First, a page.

I love to hear you pointing to GE as a place that helped you build foundational business skills. My mum also started her career at GE in Australia. She was an Indian immigrant, now a senior executive, thanks in part to GE. It was a really big deal getting your start there in the last 90s and early aughts.


I had a great experience at GE. They were great to me while I was there and even when I was in the process of leaving. I think they are really thoughtful about people and about culture. I worked with many teams abroad - in China, India, and Brazil - and their ability to substantiate a culture of meritocracy and talent development everywhere was just amazing.


I want to tap in further to your international experiences. You’ve spent time living in Brazil, India, Germany, the UK and Australia as well. Are there aspects of your international perspective that has made you a better platform leader?


While we don’t invest internationally as a firm, my international experience has been influential for me as a person. There’s something about moving to a place where you don’t speak the language and don’t know the culture, or anyone there, to familiarize yourself with a new set of norms and business practices. It pushes you in a different way.

Even though the context is different, you also realize that there are so many similarities everywhere. People’s desires and needs for a good life and the importance of building authentic relationships are common everywhere you go. When I think of African Entrepreneur Collective for example, the challenges our entrepreneurs encounter are both completely different and sometimes exactly the same as obstacles faced by US startups. When you boil down startups to being able to attract the best people, build successful products, and scale, there are elements that look surprisingly similar in any country. More than anything, it’s given me empathy for founders. Between platform and working with founders for years, I’ve seen all the ways it can go upwards as well as sideways. Building independent companies that can last for decades to come is certainly not for the faint of heart.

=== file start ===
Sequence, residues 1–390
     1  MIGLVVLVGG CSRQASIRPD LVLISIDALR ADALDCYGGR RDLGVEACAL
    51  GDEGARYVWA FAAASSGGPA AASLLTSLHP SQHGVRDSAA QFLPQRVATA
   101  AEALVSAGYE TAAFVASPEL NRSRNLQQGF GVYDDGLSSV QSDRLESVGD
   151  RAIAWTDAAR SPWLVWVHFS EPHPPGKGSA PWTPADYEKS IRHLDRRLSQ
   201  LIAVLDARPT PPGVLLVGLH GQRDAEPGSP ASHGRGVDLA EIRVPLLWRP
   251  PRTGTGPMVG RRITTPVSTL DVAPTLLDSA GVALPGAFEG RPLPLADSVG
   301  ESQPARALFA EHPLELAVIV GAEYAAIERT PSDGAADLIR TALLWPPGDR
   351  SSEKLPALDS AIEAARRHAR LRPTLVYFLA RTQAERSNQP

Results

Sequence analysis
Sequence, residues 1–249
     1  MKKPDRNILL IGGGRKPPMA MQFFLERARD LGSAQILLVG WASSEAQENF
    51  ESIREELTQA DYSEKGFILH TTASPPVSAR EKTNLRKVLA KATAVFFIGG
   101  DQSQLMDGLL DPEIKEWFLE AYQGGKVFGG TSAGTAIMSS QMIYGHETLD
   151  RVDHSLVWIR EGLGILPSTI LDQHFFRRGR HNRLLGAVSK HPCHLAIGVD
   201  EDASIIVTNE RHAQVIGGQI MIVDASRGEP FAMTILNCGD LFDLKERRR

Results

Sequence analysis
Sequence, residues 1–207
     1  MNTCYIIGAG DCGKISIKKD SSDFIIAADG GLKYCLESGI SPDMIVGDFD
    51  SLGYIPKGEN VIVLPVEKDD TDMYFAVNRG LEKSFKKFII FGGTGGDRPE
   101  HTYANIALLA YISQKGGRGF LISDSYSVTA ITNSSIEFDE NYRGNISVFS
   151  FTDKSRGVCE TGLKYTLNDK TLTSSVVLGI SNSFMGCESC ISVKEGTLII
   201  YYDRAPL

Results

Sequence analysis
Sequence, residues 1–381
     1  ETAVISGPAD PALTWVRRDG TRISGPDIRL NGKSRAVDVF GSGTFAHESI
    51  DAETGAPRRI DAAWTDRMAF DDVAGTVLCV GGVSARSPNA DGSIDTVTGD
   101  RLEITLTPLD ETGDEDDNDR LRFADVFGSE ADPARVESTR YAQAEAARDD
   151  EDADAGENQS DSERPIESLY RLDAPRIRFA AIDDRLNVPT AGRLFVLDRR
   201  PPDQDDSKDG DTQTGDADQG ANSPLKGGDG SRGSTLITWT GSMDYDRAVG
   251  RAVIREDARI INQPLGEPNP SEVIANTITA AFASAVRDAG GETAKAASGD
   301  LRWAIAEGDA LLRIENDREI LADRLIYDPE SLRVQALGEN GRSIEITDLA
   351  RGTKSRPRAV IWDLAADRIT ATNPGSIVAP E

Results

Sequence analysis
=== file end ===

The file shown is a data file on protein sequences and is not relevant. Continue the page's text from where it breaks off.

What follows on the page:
It also makes me extremely grateful for the New York ecosystem. There are a lot of places where failure has a much different cultural connotation that the US, so at least we don’t have that hurdle to start with. We are at an interesting moment for New York. I’m bullish on the future of the NYC tech ecosystem. There are a lot of things aligning right now in terms of diversity of startups and diversity of the talent pool that make this an exciting moment to be founding a company or investing here.


And you got your start in adtech some years ago. When people used to think about the NYC startup ecosystem, it really was indexed to media and adtech. Now, in 2018, what investment areas are emerging as those sectors prime for investment?